“Close the borders. Shut all the doors. Send them all back.”
These are the words we so often hear when we talk about immigration. What we don’t talk about is the very real and dangerous risks people take just to seek a safer life.
As many of you will have seen in the news, earlier this week 400 people drowned off the coast of Libya, including many children, as they sought safe haven in Europe.
This is what we feared might happen when the EU decided not to replace an Italian search-and-rescue mission at the end of last year.
Paying the ultimate price
Unfortunately this isn’t the only time something this horrific has happened. This year alone, around 1000 people have paid the ultimate price when trying to cross the Mediterranean Sea.
Last year, close to 3,500 people, many of them children, drowned and yesterday we heard more awful news from the region: the Italian coastguard confirmed that forty more people drowned off the coast of Sicily.
These deaths are the true cost of the EU’s policies. This crisis is not going away. That’s why I’m proud that this week Save the Children launched a campaign to restart those rescues.
In the last 24 hours we’ve had an incredible response. Over 10,000 people have signed our petition and our social media accounts have been flooded with positive comments from supporters. Celebrities like Lauren Laverne and Dom Jolly have expressed support too.
Crucially, political leaders such as Nick Clegg, Ed Miliband, the Green Party’s Natalie Bennett and the SNP’s Nicola Sturgeon have all supported the campaign too.
More good news is that the campaign has had some great media coverage and has been featured in lots of national newspapers and on the telly too, backing our call to do more.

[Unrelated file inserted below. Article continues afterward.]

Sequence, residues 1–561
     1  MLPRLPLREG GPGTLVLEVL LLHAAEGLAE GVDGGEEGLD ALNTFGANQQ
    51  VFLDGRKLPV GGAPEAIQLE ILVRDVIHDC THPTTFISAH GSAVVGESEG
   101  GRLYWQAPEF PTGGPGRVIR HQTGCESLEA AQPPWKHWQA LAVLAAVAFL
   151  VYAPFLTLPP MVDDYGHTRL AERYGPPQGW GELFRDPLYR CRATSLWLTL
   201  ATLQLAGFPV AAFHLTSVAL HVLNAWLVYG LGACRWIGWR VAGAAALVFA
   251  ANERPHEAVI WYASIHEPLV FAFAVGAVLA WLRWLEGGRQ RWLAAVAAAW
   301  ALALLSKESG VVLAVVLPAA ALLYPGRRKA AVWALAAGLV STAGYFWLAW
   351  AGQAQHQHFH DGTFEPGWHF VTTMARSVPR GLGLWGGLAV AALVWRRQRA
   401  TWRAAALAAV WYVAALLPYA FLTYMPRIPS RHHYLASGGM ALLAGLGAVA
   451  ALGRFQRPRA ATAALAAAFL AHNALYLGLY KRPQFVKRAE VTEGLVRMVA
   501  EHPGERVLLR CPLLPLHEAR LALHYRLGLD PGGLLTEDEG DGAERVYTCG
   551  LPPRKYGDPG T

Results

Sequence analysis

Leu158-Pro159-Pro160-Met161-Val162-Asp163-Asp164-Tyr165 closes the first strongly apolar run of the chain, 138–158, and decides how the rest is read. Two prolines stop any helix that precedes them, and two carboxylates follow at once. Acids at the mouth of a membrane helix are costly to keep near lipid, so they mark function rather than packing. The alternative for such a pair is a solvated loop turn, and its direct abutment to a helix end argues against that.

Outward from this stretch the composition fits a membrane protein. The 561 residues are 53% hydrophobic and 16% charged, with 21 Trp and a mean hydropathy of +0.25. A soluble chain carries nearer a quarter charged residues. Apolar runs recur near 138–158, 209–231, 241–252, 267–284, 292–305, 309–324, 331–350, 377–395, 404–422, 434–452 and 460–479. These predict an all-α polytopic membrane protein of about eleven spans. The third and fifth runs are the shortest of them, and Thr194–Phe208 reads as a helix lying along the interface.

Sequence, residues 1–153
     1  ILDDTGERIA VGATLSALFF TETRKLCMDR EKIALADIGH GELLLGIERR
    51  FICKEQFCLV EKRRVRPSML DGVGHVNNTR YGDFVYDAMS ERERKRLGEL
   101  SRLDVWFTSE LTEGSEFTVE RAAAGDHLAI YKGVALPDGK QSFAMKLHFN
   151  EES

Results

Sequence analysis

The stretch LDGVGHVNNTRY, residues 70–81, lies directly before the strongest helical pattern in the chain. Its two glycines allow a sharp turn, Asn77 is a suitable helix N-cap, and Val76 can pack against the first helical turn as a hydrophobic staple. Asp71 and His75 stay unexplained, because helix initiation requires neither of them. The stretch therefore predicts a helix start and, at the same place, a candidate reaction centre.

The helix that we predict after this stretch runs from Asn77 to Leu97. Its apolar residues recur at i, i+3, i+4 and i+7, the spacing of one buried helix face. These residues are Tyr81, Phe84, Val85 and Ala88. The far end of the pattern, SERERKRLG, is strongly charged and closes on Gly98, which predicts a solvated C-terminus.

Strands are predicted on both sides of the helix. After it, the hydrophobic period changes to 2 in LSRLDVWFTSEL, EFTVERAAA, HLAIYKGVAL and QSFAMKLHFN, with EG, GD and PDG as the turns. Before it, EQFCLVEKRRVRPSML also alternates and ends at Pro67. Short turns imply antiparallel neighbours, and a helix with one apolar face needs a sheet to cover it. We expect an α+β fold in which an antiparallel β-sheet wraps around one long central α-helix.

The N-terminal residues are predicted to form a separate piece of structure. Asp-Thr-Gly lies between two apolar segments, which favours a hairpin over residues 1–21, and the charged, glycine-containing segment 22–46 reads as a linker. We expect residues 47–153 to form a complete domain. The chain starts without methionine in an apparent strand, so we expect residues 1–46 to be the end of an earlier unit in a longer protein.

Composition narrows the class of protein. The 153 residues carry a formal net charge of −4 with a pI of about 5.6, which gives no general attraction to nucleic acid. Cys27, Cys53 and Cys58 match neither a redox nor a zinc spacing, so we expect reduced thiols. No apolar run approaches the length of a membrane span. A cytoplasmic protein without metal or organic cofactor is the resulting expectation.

A dark, failed response
Not all the media coverage has been positive though. This week, we’ve also seen a dark side of Britain.
In a newspaper today, Katie Hopkins, a well-known columnist , crossed the line, stating that she didn’t care if migrants die. She said children trying to cross the Mediterranean Sea from war torn Libya were “like cockroaches”.
Katie Hopkins claimed that these people were built to survive a nuclear bomb and that we may as well set up a ferry service.
She failed to address the fact that many of these people were fleeing war and abject poverty.
She failed to relate to the fact that these people took tremendous risks, simply in search of a better life.
Enough is enough
As a campaigner here at save the children, I’m proud that we’re saying enough is enough. We don’t think children and their mothers and fathers are cockroaches; we think that they’re human beings.
Next week, we’ll be working with other Save the Children members across Europe to step up the pressure and build a stronger campaign.
Thank you again to all of you who have been involved or supported the campaign in any way. If you haven’t already, please sign and share our petition. Together we’ll win this fight.